This article praises the development of second order cybernetics by von Foerster, Maturana, and Varela as an important step in deepening our understanding of the bio-psychological foundation of the dynamics of information, cognition, and communication. Luhmann's development of the theory into the realm of social communication is seen as a necessary and important move. The triple autopoietic differentiation between biological, psychological, and social-communicative autopoiesis and the introduction of a technical concept of meaning is central. Finally, the paper shows that second order cybernetics lacks explicit and ontological concepts of emotion, meaning, and a concept of signs. C. S. Peirce's theory is introduced for this purpose. It is then shown, through Varela's development of Spencer Brown's ‘Laws of Form’ from a dual to a dynamic triadic categorical structure, that both theories are triadic and second order, and therefore can be fruitfully fused to a Cybersemiotics.
This review assesses Ashley and Deely’s claims regarding the relation of science and religion, taking Einstein’s famous statement that “science without religion is lame, religion without science is blind” as its starting point. It argues that Ashley and Deely’s book How Science Enriches Theology demonstrates that the actual problem in the contemporary dialogue between the two seem to be whether the link between science and religion shall be based on an impersonal process spirituality arising from a void or on a personalism with a personal god at the source.
This paper investigates how Peirce manages to establish a transdisciplinary fallibilist view of the sciences that is not hostile to religious spirituality viewed as a complementary fallibilist knowledge type. I focus on Peirce’s attempt to construct an alternative to classical mechanical ontology with its reversible time concept and the ontological view of absolute transcendental laws of nature. His triadic semiotic pragmaticism has empiricism in common with the logical positivists, but it shares the fallibilist critical stance with Popper, with whose critical rationalism Peirce also shares a thorough-going evolutionary approach. With Hegel and Schelling, Peirce shares a kind of evolutionary objective idealism and with Whitehead a thoroughgoing process view, and finally with Wittgenstein, he shares a pragmatic view of the meaning of words and concepts. What knits together all these apparently incompatible views is his dynamic Tychism and his Synechist field view. Together these produce a transdisciplinary irreversible view of habits as “laws” of nature, mind, and society that emerge in the development of the cosmos. Though Peirce is somehow close to Hegel’s phenomenological and dialectical view on cosmogony, a number of aspects are quite unique about his approach: the most important of these are his dynamic triadic categorically-based semiotics that makes him understand human beings as well as the universe as symbolic self-organizing developing processes. This is an interesting alternative to modern mechanical info-computationalism.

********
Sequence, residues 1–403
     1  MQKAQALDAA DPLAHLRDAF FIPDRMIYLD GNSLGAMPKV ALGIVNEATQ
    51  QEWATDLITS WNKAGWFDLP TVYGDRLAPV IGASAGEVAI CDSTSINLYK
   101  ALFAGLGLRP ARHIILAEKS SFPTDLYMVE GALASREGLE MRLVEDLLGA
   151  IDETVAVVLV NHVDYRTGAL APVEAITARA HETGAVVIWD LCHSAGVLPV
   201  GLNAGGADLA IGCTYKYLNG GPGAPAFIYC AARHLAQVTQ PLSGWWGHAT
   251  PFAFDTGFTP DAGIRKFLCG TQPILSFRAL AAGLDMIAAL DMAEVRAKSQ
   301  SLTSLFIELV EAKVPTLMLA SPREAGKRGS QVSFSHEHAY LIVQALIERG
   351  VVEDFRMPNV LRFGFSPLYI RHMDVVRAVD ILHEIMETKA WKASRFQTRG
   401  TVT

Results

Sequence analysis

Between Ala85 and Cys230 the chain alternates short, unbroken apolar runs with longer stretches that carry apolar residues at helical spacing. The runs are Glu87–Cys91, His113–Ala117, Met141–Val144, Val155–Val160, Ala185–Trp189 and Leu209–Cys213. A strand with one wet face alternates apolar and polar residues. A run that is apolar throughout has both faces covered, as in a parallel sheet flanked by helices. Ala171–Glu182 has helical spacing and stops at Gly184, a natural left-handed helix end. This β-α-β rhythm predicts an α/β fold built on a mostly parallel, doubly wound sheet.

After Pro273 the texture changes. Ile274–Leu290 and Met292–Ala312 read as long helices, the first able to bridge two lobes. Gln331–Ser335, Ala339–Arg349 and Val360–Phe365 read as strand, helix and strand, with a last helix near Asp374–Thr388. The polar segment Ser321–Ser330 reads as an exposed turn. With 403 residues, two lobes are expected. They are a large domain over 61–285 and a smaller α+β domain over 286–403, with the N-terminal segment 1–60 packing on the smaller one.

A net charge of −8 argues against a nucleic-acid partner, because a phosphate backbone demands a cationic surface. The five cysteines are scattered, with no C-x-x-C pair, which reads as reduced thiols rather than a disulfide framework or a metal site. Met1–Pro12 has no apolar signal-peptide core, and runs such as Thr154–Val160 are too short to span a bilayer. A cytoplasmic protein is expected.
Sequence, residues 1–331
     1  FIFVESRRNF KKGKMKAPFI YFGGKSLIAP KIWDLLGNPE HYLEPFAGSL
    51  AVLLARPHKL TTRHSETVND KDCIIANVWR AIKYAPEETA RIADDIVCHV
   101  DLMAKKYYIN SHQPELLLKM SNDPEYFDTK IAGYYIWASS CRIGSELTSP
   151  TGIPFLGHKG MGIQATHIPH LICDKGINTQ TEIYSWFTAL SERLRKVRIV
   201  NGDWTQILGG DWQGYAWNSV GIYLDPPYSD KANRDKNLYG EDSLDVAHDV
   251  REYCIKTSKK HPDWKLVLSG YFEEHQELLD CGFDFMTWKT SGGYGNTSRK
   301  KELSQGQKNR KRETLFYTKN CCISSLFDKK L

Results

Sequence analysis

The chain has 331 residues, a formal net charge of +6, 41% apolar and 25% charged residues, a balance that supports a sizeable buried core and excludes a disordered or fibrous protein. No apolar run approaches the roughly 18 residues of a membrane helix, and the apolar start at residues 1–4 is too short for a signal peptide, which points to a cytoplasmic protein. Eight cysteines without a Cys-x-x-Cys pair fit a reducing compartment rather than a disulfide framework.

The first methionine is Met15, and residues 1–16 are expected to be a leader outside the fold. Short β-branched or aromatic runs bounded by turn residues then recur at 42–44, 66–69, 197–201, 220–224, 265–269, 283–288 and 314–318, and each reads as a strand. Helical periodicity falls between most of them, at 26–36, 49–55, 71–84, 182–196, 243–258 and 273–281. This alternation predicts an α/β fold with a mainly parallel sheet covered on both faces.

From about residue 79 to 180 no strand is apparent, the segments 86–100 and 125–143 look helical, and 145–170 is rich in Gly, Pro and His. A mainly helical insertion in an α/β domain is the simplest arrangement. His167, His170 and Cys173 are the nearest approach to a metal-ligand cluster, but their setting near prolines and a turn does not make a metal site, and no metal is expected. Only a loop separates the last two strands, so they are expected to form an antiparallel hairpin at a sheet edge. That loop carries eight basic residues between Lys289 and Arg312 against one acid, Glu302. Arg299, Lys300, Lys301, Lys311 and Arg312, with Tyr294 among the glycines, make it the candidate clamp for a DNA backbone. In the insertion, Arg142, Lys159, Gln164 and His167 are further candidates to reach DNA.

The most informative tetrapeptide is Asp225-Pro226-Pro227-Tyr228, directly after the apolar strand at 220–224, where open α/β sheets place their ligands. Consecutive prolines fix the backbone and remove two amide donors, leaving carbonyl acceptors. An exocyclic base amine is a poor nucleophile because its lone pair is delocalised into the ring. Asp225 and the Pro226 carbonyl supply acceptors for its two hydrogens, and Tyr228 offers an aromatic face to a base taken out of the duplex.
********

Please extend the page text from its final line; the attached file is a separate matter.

The present paper discusses various suggestions for a philosophical framework for a transdisciplinary information science or a semiotic doctrine. These are: the mechanical materialistic, the pan-informational, the Luhmanian second order cybernetic approach, Peircian biosemiotics and finally, the pan-semiotic approach. The limitations of each are analyzed. The conclusion is that we will not have to choose between a cybernetic-informational and a semiotic approach. A combination of a Peircian-based biosemiotics with autopoiesis theory, second order cybernetics, and information science is suggested in a five-levelled cybersemiotic framework. The five levels are 1) a level of Firstness, 2) a level of mechanical matter, energy, and force as Secondness, 3) a cybernetic and thermodynamic level of information, 4) a level of sign games and 5) a level of conscious language games.
These levels are then used to differentiate levels of information systems, sign and language games in human communication. In our model, Maturana and Varela's description of the logic of the living as autopoietic is accepted and expanded with Luhmann's generalization of the concept of autopoiesis to also cover psychological and socio-communicative systems. Adding a Peircian concept of semiosis to Luhmann's theory in the framework of biosemiotics enables us to view the interplay of mind and body as a sign play. I have in a previous publication (see list of references) suggested the term ‘sign play’ pertaining to exosemiotics processes between animals in the same species by stretching Wittgenstein's language game concept into the animal world of signs. A new concept of intrasemiotics designates the semiosis of the interpenetration between the biological and psychological autopoietic systems as Luhmann defines them in his theory. I am suggesting a cybersemiotic model to combine these approaches, defining various concepts like thought-semiotics, phenosemiotic and intrasemiotics, combining them with the already known concepts of exosemiotics, ecosemiotics, and endosemiotics into a new view of self-organizing semiotic processes in living systems. Thus a new semiotic level of description is generated, where mind-body interactions can be understood on the same description level. This is the direction suggested to work in to create a broad philosophy of information, cognitive, and communication science that makes it possible for us to see the different approaches not as mutually exclusive, but rather as mutually complementary in accepting an ontology where reality do have structures and processes, but the foundation is hyper-complex and therefore not to be reduced by any knowledge system.